Not Your Same 'Ole Alphabet Soup
WirelessMAN will not be taking the same jumbled A-to-Z approach as 802.11, IEEE 802.16 Working Group chair Dr. Roger B. Marks told internetnews.com.
"We are trying to avoid referring to them by their letter," he said. "At the moment we're not really going out to create something that you would sell to consumers. 802.16 is about base stations that connect the core networks as part of serious investments and it will be a different kind of business, so we don't really need to identify the separate amendments."
But there are differences between the amendments that address a carriers' individual needs.
The overall vision for 802.16 is that carriers would set up base stations connected to a public network. Each base station would support hundreds of fixed subscriber stations, probably mounted on rooftops. The base stations would then use the standard's medium access control layer (MAC) -- a common interface that makes the networks interoperable -- to nearly instantaneously allocate uplink and downlink bandwidth to subscribers according to their needs.
Conceivably, 802.16 MANs could anchor 802.11 hotspots, which serve as wireless local area networks (LANs), as well as servicing end-users directly.
However, the 10-66 GHz spectrum is strictly line-of-sight. That's where the 802.16a amendment comes in. The amendment addresses the low-frequency 2-11 GHz spectrum, some of which is unlicensed, and which allows for non-line-of-sight operation.
802.16c has also been published. That amendment relates to protocols, test suite structures and test purposes. Similarly, 802.16d focuses on fixing the errata and other protocols not covered by 802.11c.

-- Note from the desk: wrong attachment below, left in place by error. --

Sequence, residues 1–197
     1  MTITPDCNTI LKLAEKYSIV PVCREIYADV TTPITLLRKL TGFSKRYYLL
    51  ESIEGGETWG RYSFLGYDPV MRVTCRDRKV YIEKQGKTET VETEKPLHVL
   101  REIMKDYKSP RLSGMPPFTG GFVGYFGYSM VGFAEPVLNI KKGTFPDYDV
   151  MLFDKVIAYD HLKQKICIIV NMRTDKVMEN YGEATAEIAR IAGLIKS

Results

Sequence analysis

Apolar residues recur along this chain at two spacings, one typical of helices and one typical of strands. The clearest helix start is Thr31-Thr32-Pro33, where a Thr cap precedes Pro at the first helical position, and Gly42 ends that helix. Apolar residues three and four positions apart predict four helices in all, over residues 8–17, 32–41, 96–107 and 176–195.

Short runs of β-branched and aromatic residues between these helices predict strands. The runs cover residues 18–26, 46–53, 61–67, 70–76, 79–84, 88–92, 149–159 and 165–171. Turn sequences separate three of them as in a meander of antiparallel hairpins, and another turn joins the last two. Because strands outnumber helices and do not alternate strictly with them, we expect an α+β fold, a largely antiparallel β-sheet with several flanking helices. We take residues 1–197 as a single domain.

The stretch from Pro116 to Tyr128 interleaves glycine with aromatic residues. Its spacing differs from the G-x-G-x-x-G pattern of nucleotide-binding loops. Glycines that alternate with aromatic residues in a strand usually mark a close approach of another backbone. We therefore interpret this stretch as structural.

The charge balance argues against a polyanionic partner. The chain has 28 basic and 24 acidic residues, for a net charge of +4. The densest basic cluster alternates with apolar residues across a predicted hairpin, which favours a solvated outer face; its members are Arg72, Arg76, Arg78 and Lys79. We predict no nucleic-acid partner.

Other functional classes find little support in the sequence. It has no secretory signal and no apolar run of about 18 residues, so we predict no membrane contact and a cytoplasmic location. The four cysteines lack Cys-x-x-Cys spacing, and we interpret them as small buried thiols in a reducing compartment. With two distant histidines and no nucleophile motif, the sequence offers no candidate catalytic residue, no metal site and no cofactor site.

Expected to be complete by the end of 2003, 802.16e will introduce mobility into stationary wireless. A user will be able to move about in an 802.16e coverage area and remain connected.
Navini, an Intel-funded wireless broadband vendor, is looking to 802.20 -- a WirelessMAN variant -- to provide both mobility and the ability to roam between base stations.
And while 802.16 is a backend technology, Marks says in the future, 802.16e has the capacity to be adapted for individual computers.
"One of the reasons is that might happen is that we have QOS support," Marks said. "The nice thing about 802.16 is it can handle time sensitive information like voice. Intel has been very active in the process. The talks that I've seen Intel people give have been mostly the kind of 16 and 11 compatibility."
So will we see a Centrino chipset with 802.16 embedded any time soon? Perhaps, but Intel said they haven't publicly announced any products or plans to include the technology.
And because of its carrier-grade capacity, Marks says the U.S. Department of Commerce is very interested in supporting the standard.
"They're interested in 802.16 because of the increased broadband deployment," he said.
That kind of interest is of great interest to WiMAX considering current estimates show growth of broadband access is slowing down from a 40 percent rate of growth this year to a 15 percent rate of growth in 2004.
"If there are more viable ways of deploying broadband, that is great news for us," LaBrecque said. "Most people who want broadband access want broadband access without having to worry about cable or DSL and that is where it is going for us."
Editor's note: internetnews.com editor Thor Olavsrud contributed to this report.